Indian journalist and writer Nilanjan Mukhopadhyay in conversation with Kitaab’s Interviews Editor, Dr. Debotri Dhar

Women are shown in the (love jihad) campaign as being incapable of taking independent decisions – they can only be seduced or abducted; they cannot, by choice, fall in love with a man of another community […] Religion today is not a route to finding peace. It is a tool to subjugate the enemy other.

Nilanjan MukhopadhyayWhen one reads Nilanjan Mukhopadhyay (columnist and author of The Demolition: India at the Crossroads and Narendra Modi, The Man, The Times, published by Harper Collins and Westland respectively), one is immediately struck by his incisive understanding of Indian politics. Engaging in knee-jerk generalizations may be particularly easy given the currently polarized political climate, but his critiques are more meticulous–and munificent when they need to be.

When we first got in touch, I absent-mindedly addressed him as Professor Mukhopadhyay (as an academic, “Dr. and “Prof.” being my default modes). He wryly confessed that he was not a fan of formal education, and was a college dropout. (“Couldn’t resist that wisecrack!” he said.) As someone who agrees that college can sometimes seriously interfere with education, I was delighted. “Then I shall always address you as Prof. M,” I responded, with equal parts of affection and admiration. In our chat below, he generously shares his views on religion, right wing politics, journalism, “love jihad”, Modi, masjid, gender, caste, and the challenges ahead for Indian democracy.

Did you always want to be a journalist? Do share some of your insights on journalism.

I couldn’t have been anything else but a journalist because of the unplanned manner in which I got into the profession. I joined Jawaharlal Nehru University almost straight out of school, to pursue a 5 yr integrated MA course in Russian Language & Literature. But I had an unarticulated angst against formal education. I wanted to be a self-made person and did not wish this route to be through formal education. But by the time I came to JNU, the option of becoming an entrepreneur was foreclosed. I did make some money on the side by picking up stray assignments as a guide for Russian tourists but did not see myself as a lifelong ‘Raju Guide’ type.

I also used to take pictures at the time and was secretary of the photo club, and a friend who was working in a monthly magazine asked if I was willing to do the photos for a story on Chambal dacoits. This was in 1981-82, prior to the big surrenders of Malkhan Singh and Phoolan Devi. I did the pictures and when they were published, I quite liked seeing my name in print – my first byline. Around the same time, a Mrinal Sen retrospective was being screened. During a break, a friend and I saw Mrinal Da in the lobby and mustered courage to seek an interview. He heard that we were students and invited us for breakfast the next day at the hotel where he was staying. I typed out the interview after transcribing it by hand from my tape recorder. That was the first time I had typed anything – and with a single finger, one on each hand!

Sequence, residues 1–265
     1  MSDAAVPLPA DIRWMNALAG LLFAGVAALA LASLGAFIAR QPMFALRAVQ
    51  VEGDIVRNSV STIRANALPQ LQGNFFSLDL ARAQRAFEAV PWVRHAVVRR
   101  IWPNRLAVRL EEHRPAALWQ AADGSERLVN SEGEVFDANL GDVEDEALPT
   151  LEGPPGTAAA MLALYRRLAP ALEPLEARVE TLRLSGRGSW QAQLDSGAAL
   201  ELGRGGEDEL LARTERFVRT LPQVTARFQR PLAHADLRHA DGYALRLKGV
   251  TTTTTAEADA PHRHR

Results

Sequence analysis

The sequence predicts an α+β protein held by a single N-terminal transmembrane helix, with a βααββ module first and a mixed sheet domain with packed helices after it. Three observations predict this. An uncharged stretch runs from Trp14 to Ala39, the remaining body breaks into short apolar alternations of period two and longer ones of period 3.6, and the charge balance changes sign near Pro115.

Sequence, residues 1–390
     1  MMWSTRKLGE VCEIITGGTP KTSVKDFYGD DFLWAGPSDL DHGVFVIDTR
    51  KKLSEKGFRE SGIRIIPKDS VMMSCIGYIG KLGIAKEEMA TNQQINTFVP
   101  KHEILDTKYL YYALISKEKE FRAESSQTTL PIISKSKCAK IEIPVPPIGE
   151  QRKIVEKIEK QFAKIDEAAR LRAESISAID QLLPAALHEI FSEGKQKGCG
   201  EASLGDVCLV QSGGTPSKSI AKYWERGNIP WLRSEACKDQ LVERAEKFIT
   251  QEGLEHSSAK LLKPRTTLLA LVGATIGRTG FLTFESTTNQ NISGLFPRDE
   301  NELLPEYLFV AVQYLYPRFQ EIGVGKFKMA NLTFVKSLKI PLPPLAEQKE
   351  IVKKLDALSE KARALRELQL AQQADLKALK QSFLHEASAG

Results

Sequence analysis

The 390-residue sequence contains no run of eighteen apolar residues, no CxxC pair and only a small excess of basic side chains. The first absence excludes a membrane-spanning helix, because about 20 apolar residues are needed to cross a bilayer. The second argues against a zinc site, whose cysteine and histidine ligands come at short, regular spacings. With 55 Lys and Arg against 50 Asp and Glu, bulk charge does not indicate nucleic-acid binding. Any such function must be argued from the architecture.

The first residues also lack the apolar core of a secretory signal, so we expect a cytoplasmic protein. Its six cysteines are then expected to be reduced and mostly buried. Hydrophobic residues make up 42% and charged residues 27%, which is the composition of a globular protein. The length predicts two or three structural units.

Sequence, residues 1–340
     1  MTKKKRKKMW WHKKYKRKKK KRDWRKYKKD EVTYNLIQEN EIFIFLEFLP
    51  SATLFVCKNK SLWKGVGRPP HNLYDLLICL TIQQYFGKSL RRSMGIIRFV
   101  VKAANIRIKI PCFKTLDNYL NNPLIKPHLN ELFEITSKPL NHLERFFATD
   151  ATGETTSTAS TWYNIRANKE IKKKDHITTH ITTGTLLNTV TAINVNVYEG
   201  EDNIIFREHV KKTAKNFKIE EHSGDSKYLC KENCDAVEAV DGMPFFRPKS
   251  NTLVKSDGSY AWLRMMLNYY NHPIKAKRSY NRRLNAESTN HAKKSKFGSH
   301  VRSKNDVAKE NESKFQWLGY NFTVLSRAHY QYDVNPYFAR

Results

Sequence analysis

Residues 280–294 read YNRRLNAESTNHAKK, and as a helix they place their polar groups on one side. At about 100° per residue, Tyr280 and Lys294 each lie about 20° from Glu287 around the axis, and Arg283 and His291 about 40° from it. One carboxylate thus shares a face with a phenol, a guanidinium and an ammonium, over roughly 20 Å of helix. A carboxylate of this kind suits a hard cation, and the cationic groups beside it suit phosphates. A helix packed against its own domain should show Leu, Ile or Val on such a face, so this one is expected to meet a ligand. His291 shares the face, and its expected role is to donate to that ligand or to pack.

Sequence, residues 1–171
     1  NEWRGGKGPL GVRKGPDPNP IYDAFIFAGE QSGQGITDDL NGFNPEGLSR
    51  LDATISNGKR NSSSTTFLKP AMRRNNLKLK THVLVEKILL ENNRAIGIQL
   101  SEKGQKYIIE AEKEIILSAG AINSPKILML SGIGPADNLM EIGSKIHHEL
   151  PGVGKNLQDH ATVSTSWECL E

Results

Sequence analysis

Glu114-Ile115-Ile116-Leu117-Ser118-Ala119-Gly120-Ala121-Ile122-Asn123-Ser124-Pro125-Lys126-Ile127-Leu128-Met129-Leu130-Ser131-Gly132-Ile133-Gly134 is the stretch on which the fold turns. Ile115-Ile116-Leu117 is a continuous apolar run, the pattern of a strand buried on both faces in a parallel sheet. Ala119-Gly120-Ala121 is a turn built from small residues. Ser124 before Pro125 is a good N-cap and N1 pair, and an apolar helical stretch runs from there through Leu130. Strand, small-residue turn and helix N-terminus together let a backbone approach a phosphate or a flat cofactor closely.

Shashi TharoorUnlike many Indian writers, Dr. Shashi Tharoor needs no introduction. India has not produced many charming, suave and articulate writer-politicians like him. He served as the Under-Secretary-General of the United Nations for 29 years, and thereafter joined the rough and rumble of Indian politics. He was a former Minister of State for External Affairs in the Government of India and currently serves as a Member of Parliament from the Thiruvananthapuram constituency in the Indian state of Kerala. His latest book is India Shastra: Reflections on the Nation in our Time, a collection of 100 essays on contemporary India and events from its recent history that have contributed to its present state of affairs in the political, social, economic, cultural and communal arenas.

Kitaab’s Editor-in-Chief Zafar Anjum interviewed Dr. Tharoor in connection with his recent book.

India Shastra is a collection of 100 essays written by you over several years. Being an active politician, how do you find time to write essays? Is disciple crucial for you as a writer?

Dr. Shashi Tharoor: Discipline is crucial for any productive activity, but in my case it really has been a question of finding time despite my best efforts! I won’t deny that I have some experience in getting 24 hours out of every day, since all my books were written alongside demanding, full-time professional life as well, first at the United Nations and now in the service of the people of Thiruvananthapuram who have given me a renewed mandate as their Member of Parliament. I must confess it is easier to write essays — and at the next level, publishable non-fiction– than it is to write fiction. With the former, once I know what I want to convey, it is merely a question of sitting down and articulating it in so many words. If I am interrupted by my other work while writing, I can always go back to the essay, pick up the threads and finish the argument. With fiction, on the other hand, one has to weave a world of the imagination and an alternate reality, to which even a minor distraction could do damage, as a testament to which you will find numerous unfinished drafts of novels I had to discard not just because of lack of time but more due to the frequent interruptions that shattered my fictional worlds. That is why my works of fiction have been fewer than my non-fiction books, though I am now planning to sacrifice a couple more hours of sleep and determined to bring to life a novel that has been in the making in my mind for some time now.